So, set up those first lines as if your publishing life depended on them - because it does. Make them fun: full of action or quirky ideas. Introduce the main character in a way that makes a lasting impression. Describe a wild and way-out setting. Craft those lines using ideas with a twist, and characters that kids demand to read about, over-and-over. Of course, this will cause you big problems with the rest of your story. Why? Because you have already set an incredibly high writing standard, and you must maintain that standard until THE END.

My "Musings" column also offers:
The Right Publisher:
You must find a publisher who publishes books similar to yours. If you write picture books about animals, it is a waste of time sending your manuscript to religious, non-fiction, or mid-grade only publishers. In addition, you need to fine-tune your search even further. IE: Some publishers will accept animal stories, but not stories about talking animals.

Finding a publisher that has an editor who needs a book like yours, loves your writing style, and is in sync with your ideas for your book, can be a crap shoot. Because, unless you are already know to the editor (translation: published by them and made them lots of money), or have editorial or publishing connections via different sources, you are left to wade through miles of publishing websites, looking at the books they have recently published, plus their submission guidelines.

The CWIM (Children's Writers and Illustrator's Market) is a wonderful source of legitimate publishing houses, website addresses, and clues about what publishers want from you. Book stores are another place you can find stories along the lines of yours. Make notes about who published them.

Harold Underdown's Purple Crayon has many useful pages. Here are FOUR articles that will help you search for a publisher. Harold's website has far too many great articles to mention all the useful ones- check it out Here.

Who's Moving Where
I Know Somebody Who Knows Somebody - (The Power of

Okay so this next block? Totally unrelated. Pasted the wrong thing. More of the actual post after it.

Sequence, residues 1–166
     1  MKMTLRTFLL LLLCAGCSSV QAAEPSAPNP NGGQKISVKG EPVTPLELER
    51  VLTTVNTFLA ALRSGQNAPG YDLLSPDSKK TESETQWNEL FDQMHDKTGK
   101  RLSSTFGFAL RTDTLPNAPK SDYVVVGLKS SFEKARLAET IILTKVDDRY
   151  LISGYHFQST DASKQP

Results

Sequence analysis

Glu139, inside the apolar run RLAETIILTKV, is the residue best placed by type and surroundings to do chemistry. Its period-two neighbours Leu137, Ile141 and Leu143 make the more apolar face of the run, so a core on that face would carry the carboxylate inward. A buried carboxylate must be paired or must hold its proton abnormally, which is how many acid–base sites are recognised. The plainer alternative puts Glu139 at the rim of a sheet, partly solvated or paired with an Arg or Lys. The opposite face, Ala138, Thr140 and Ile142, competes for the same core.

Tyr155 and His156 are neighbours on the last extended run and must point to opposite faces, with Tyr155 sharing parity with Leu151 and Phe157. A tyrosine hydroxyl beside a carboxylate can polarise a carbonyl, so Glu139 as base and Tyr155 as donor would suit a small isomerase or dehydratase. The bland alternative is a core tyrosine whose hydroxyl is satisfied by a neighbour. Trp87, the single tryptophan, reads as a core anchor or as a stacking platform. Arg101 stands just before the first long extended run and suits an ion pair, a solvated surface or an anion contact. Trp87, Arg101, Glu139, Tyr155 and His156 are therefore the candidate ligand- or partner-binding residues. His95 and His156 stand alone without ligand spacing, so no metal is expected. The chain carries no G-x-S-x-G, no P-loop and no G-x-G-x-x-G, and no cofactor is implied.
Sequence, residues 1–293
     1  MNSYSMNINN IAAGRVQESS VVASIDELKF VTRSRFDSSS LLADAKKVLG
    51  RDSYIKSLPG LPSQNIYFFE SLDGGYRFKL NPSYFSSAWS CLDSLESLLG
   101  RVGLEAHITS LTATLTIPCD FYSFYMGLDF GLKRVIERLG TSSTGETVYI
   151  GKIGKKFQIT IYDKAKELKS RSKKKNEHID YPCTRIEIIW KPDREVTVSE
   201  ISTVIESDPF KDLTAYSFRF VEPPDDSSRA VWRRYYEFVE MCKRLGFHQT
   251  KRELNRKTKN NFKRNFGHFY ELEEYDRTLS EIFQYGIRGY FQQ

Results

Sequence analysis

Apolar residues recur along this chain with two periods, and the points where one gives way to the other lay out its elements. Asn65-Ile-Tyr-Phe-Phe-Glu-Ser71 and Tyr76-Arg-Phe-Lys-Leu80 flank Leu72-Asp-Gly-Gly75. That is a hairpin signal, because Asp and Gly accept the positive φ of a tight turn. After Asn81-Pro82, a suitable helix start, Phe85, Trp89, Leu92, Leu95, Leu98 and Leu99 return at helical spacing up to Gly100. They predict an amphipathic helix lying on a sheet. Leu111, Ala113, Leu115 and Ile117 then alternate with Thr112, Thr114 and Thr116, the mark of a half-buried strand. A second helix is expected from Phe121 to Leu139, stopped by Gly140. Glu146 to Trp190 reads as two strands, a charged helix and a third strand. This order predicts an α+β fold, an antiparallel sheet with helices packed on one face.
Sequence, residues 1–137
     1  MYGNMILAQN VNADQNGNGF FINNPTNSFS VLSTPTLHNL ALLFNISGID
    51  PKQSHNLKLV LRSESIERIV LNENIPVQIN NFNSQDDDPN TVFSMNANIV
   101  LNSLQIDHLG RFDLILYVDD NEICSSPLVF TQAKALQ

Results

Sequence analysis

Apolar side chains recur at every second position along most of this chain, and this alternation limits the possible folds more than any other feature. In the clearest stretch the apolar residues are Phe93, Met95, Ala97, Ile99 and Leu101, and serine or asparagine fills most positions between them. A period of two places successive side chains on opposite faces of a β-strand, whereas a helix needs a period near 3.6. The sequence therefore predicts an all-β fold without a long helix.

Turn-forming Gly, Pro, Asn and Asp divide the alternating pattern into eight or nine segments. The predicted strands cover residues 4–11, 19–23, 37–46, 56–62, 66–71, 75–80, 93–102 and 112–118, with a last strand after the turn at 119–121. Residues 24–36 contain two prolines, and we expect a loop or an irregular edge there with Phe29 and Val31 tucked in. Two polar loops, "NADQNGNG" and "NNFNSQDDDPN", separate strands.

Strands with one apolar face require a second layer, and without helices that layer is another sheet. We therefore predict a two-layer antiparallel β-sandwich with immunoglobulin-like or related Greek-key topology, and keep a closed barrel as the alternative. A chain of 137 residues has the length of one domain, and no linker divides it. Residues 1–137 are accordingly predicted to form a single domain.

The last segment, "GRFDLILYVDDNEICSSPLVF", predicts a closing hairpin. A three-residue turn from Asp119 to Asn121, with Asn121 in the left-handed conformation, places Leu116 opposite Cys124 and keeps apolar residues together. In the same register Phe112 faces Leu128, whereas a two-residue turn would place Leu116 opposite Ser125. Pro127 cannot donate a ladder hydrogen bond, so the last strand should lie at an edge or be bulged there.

Personal Contacts)
Magazines, Organizations & Websites
Basic Information: Several articles on how to be published.

Then there is:

Amazon Book/Publisher Search: For more focused searches on individual authors, publishers, or subjects, the best bet is Amazon's dedicated search page.
Writer's Market:
They update information regularly, including editors to contact. They have a program where you can track submissions, but it costs to join. Writer's Market also has a free update site. You don't have to subscribe to the magazine to get the updates.
Verla Kay's WebSite:
A mult-published author. A wonderful resource site. Click Artists & Writers and then Transcripts. Look for back transcripts of chat with editors.

In Conclusion:
The principles of making sure your manuscript is ready for a publisher/editor is the same for all books: tight writing, great choice of words, neat story, and memorable characters. For picture books, you need to choose only a few words, and weave them into a marvelous story. Your book must keep the interest of small children with the attention span of a puppy. How can an undertaking that looks so simple end up being one of the most difficult tasks a writer can tackle?

Don't ask me. I'm hooked!


Margot Finke's biography and index to Musings.